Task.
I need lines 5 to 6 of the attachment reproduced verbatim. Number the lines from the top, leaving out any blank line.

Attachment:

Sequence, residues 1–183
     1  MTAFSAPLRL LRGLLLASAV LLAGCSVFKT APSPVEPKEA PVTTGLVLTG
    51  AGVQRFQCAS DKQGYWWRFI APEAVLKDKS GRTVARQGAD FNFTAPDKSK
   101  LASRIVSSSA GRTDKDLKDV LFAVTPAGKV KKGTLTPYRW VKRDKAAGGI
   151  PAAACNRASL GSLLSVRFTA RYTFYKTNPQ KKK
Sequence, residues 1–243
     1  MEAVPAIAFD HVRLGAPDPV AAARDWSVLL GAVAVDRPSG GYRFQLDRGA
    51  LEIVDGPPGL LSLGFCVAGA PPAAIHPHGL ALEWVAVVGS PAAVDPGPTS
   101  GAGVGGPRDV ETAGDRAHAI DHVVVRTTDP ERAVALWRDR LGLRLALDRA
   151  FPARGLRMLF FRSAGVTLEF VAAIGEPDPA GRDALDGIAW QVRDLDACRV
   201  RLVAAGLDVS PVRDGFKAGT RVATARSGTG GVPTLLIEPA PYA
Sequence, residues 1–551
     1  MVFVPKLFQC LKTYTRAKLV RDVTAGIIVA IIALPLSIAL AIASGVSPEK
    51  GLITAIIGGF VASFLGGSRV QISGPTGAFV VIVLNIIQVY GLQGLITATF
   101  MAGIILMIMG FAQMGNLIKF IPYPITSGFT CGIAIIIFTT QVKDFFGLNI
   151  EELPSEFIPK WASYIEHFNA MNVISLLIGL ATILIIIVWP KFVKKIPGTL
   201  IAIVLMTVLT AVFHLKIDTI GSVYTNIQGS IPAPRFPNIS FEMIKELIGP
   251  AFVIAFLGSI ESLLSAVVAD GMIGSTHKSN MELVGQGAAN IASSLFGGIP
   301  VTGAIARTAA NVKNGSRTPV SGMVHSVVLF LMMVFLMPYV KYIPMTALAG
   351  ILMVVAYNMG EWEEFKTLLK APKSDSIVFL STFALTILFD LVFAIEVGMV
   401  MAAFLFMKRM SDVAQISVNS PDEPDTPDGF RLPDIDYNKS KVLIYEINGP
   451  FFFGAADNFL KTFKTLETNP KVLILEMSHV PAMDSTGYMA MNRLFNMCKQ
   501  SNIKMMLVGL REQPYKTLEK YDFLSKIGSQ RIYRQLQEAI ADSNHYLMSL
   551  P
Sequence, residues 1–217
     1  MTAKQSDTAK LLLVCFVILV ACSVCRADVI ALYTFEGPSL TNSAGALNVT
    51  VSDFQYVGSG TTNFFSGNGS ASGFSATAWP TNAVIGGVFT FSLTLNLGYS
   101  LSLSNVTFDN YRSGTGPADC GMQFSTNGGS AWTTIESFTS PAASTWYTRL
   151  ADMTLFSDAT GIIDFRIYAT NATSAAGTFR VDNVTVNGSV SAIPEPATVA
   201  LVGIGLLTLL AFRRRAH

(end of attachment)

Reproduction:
   151  PAAACNRASL GSLLSVRFTA RYTFYKTNPQ KKK
Sequence, residues 1–243